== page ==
netstat -ni - A lot of collisions...

Jeremy Chadwick freebsd at
Mon Nov 6 11:45:45 UTC 2006

On Mon, Nov 06, 2006 at 11:31:57AM +0200, Anton - Valqk wrote:
> Well,
> the card is connected to a switch that is manageble and the port is set to
> 10Mbit Full duplex on purpose.
> I'm not setting the port speed manual - is that a problem when the port is not 100mbit/fd?
> This is the ifconfig output:
>         options=48<VLAN_MTU,POLLING>
>         inet netmask 0xffffff00 broadcast
>         inet6 fe80::208:c7ff:fe5b:54f2%fxp0 prefixlen 64 scopeid 0x2
>         ether 00:08:c7:5b:54:a5
>         media: Ethernet autoselect (10baseT/UTP)
>         status: active

I've never paid much attention to what ifconfig says, or what
managed switches say, as far as speed or duplex negotiation go.
Most vendors do not play well together.  I'll repeat that because
it needs repeating: most vendors do not play well together.
Example: anyone familiar with Cisco Catalysts knows of the
long-standing problem with auto-neg which ultimately requires
both ends of the connection be set to 100/full.

Try the following configurations:

1.  FreeBSD rc.conf -- media 10baseT/UTP media-opt full-duplex
    Switch -- forced 10/full
    Reboot FreeBSD box

2.  FreeBSD rc.conf -- media 10baseT/UTP media-opt full-duplex
    Switch -- auto-neg
    Reboot FreeBSD box

3.  FreeBSD rc.conf -- media 10baseT/UTP media-opt full-duplex
    Switch -- auto-neg
    Reboot FreeBSD box

Regarding the reboots: changing duplex/speed via ifconfig once
the driver has already done its initial auto-negotiation appears
to behave differently with some switches than on an actual
boot-up.  I have no present-day evidence to back this claim up,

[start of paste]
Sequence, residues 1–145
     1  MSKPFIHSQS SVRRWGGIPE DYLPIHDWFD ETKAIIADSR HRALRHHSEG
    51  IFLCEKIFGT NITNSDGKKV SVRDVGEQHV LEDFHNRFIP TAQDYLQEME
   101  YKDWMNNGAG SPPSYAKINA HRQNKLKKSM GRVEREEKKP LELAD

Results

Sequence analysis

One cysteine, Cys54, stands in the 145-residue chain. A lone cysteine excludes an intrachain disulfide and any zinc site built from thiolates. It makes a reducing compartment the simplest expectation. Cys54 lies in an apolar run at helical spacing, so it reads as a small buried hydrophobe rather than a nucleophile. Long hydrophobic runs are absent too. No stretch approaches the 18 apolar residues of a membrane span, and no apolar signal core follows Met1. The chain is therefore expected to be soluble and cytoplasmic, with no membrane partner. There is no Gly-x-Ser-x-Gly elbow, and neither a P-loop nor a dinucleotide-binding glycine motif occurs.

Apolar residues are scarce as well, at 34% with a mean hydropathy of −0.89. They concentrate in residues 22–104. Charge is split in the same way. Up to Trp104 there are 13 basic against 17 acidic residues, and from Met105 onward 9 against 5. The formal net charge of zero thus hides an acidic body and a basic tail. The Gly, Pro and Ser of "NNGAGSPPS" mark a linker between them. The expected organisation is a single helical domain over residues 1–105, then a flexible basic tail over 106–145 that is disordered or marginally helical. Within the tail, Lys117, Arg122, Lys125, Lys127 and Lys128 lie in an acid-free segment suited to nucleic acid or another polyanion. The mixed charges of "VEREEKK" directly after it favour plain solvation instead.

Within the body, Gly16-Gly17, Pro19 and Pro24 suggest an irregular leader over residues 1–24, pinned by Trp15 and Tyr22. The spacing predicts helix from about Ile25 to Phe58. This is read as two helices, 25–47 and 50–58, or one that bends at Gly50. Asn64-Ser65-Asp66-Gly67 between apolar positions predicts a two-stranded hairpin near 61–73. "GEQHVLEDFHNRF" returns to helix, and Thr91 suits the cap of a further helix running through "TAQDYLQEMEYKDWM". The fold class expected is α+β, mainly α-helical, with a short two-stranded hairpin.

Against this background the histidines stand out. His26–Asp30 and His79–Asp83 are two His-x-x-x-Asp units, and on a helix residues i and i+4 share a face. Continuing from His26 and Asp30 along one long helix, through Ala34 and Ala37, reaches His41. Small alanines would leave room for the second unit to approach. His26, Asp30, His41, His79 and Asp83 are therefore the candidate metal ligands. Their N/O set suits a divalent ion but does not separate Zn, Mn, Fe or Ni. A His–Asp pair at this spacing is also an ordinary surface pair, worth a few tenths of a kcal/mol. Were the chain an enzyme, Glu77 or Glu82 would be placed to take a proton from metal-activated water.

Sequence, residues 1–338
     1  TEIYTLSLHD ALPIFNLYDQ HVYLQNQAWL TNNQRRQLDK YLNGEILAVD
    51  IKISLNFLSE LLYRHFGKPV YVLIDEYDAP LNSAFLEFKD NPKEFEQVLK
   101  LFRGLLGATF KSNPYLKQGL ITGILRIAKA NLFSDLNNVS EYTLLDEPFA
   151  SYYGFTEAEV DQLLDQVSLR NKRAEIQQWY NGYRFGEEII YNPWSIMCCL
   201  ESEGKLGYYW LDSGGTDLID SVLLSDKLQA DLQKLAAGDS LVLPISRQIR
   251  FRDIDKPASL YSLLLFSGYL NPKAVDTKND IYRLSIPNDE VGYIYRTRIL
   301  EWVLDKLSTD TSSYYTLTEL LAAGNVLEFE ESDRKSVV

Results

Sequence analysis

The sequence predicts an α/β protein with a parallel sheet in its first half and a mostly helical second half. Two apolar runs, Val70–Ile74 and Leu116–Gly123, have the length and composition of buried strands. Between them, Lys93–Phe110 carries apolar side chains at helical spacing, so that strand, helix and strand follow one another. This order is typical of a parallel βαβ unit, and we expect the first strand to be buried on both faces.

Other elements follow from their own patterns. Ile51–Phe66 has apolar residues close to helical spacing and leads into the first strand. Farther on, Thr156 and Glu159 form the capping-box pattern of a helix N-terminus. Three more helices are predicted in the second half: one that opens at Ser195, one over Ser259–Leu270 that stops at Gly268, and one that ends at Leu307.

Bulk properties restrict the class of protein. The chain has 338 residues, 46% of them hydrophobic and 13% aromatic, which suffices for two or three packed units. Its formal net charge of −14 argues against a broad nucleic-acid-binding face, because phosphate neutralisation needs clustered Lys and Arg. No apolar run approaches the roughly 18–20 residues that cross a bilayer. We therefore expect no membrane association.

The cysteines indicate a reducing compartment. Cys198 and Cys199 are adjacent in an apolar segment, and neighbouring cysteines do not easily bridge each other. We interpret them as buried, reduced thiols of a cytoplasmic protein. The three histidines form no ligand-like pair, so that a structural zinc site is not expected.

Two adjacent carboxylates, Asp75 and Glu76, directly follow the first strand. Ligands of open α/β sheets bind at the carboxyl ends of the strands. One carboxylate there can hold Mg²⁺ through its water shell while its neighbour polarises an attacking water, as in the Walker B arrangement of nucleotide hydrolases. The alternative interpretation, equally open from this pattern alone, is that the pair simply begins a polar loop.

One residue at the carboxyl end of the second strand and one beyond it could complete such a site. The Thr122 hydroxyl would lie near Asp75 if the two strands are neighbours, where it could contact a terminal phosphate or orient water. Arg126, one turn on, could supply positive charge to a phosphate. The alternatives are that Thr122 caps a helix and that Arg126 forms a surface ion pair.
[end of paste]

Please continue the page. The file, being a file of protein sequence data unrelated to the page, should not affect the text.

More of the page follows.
but it's something I've seen historically with xl and fxp.

Now, the transfer test I've used in the past:

* Make a "small" file (dd if=/dev/urandom of=test.bin bs=64k
  count=256) on the FreeBSD box
* Make a similar file (identical or otherwise) on another box,
  one that runs an FTP server
* From the FreeBSD box, FTP to the FTP server
* Do an FTP "PUT" of test.bin
* Make note if the transfer was slow, or quick (1MByte/sec)
* Now do an FTP "GET" of the file you made on the FTP server
* Make note if the transfer was slow, or quick (1MByte/sec)

My guess is that one of the above tests will show very fast
throughput in one direction (ex. PUT), while the other direction
(ex. GET) will be incredibly slow (something like 100 bytes a
second, maybe less).  This is what I've seen in the past in
environments where a switch is set to auto-neg and the FreeBSD
box claims to auto-neg to 100/full correctly... but obviously
doesn't (re: see above: Cisco).

You can make note of collision counts if you want, too.  Any
slow transfers you see will probably show up as collisions, since
somewhere along the lines things got confused and chose half-duplex
(even if ifconfig or the switch doesn't show it).

If all of the above tests seem OK (good speed, etc. -- yet the
collisions continue to increase), I recommend checking the
obvious: Ethernet cable wiring.  You're going to have to get a
RJ45/EIA-568 cable tester and verify that all 8 wires are connected
and have good continuity.  You're not going to get 10/full with a
Ethernet cable that's wired with only 4 wires, AFAIK.

Finally: why exactly are you using 10/full?  What's the purpose?
Are you trying to limit the actual maximum network throughput while
ensuring you have full-duplex capability?  If so: look into using
pf with queueing (see pf.conf man page, section QUEUEING/ALTQ),
or if that's not an option, use ipfw with dummynet.  Make that
box use 100/full, then simply limit the actual network I/O to

For what it's worth: I've never seen a 10/full network that
worked.  It was either 100/full (switches), 100/half (hubs),
or 10/half (hubs).  There's some discussions (use Google)
about why 10/full is essentially a bastard child and should be

| Jeremy Chadwick                                 jdc at |
| Parodius Networking               |
| UNIX Systems Administrator                   Mountain View, CA, USA |
| Making life hard for others since 1977.               PGP: 4BD6C0CB |

More information about the freebsd-stable mailing list